"People of color can get melanoma on palms and soles," says Dr. Lynn Cornelius, head of dermatology at Washington University in St. Louis and a member of the Siteman Cancer Center at Barnes-Jewish Hospital and WU. "They are at a lower risk, but it still can occur ... There are many things we need to learn about the disease."
One thing we do know about skin cancer is that in the majority of cases, we know the cause - excessive sun exposure.
Unfortunately, a lot of the damage is done while we are children. Even a single blistering sunburn in adolescence doubles the risk of developing malignant melanoma later in life, says Arthur Sober, a melanoma expert from Massachusetts General Hospital. Cornelius doesn't like to go that far, but she does say, "Intermittent sunburns early in life do raise your risk of melanoma."
But the good news is that skin cancer is the most preventable type of cancer, and there are things you can do now to lower your risks. So, with the help of experts, we've devised a list of the top ways to lower your risk of skin cancer.
LOWER RISK OF SKIN CANCER
Wear sunscreen: Sunlight consists of two types of harmful rays - UVA rays and UVB rays. The UVB rays are the sun's burning rays (which are blocked by window glass) and are the primary cause of sunburn and skin cancer. UVA rays (which pass through window glass) penetrate deeper into the dermis, or base layer of the skin. Make sure your sunscreen offers protection against both. Lather sunscreen on at least 30 minutes before you head outside, then reapply every 90 minutes. Doctors recommend you use a sunscreen with an SPF of at least 30. Also consider using lip protection with sunscreen. People with light or thin hair may consider using a spray sunscreen on their scalp. Sunscreen-protective shampoos will keep your hair from getting brittle, but won't protect your scalp against skin cancer.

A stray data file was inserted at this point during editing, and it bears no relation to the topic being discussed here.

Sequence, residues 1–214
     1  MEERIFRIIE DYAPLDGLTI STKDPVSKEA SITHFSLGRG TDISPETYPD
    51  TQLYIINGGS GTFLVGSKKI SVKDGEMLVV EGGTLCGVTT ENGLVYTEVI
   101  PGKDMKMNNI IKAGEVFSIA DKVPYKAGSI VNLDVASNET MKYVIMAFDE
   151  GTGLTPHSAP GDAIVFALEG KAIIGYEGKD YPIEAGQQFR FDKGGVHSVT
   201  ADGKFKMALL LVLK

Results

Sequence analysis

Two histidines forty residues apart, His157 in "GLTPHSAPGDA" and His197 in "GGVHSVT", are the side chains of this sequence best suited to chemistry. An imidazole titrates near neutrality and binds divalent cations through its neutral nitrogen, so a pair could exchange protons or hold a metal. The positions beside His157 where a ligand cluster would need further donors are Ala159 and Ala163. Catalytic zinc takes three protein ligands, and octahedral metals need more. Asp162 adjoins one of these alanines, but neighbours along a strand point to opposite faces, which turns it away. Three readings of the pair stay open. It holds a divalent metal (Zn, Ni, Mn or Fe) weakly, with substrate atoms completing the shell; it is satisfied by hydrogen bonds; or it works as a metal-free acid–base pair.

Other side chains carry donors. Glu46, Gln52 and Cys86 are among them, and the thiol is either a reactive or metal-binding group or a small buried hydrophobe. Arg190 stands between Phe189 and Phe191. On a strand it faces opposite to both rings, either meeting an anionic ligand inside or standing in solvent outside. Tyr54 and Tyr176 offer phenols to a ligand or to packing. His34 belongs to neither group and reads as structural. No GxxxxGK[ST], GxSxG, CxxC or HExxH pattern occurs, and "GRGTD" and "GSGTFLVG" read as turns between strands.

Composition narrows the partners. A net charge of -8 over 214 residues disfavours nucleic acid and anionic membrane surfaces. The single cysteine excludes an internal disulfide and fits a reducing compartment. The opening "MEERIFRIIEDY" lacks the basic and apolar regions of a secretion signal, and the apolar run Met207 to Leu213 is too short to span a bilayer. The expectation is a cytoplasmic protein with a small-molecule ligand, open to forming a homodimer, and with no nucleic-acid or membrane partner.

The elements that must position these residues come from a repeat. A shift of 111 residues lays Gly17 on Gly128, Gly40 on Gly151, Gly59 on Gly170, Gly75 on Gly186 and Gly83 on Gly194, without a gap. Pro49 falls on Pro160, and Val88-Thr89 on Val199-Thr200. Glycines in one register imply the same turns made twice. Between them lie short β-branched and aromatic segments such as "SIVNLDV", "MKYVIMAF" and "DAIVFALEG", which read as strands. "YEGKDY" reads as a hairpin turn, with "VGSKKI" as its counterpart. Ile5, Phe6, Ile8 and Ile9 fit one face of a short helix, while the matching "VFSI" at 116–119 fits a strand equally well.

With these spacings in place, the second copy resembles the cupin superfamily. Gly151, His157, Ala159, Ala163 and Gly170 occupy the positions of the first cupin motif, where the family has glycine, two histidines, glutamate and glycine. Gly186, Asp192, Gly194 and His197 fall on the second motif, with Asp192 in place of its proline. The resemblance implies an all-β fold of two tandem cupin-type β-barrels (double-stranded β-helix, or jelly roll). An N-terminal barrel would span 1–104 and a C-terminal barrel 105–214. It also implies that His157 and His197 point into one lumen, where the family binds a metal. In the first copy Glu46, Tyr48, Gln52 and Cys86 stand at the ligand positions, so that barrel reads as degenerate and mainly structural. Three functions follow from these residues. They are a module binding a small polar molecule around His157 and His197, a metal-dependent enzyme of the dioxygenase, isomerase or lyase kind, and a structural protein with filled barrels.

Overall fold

Wear protective clothing: A hat with a wide brim and long-sleeved clothing is recommended. Several manufacturers offer clothing that blocks ultraviolet rays. To protect your eyes, wear sunglasses with a label that says they block 99 percent of UV rays. Also note that, though many parents put a T-shirt on their children to keep them from getting a sunburn at the pool, once that shirt gets wet, it loses its protection.
Get a shade for your car window: SLU's Fosko says he sees more cases of actinic kerotoses, which are precancerous skin lesions, on the left side of the face and forehead than on the right side. Why? The answer could be the time you spend in your car during your daily commute. "Even if you only have a short commute, that exposure has a cumulative effect that builds up over many years," says Fosko.
Stay out of the sun: Avoid outdoor activities between 10 a.m. and 4 p.m., when the sun's rays are the strongest, and seek shade whenever possible. Follow the Shadow Rule - if your shadow is shorter than you are, the sun's damaging rays are at their strongest and you are likely to sunburn.
Beware of reflective surfaces: Sand, snow, concrete and water can reflect more than half the sun's rays onto your skin, so sitting in the shade does not guarantee protection from the sunburn.
Avoid tanning beds: By age 17 nearly 40 percent of girls have used a tanning bed, says the Skin Cancer Foundation. Many teens believe it's worth the risk of getting skin cancer to get a tan.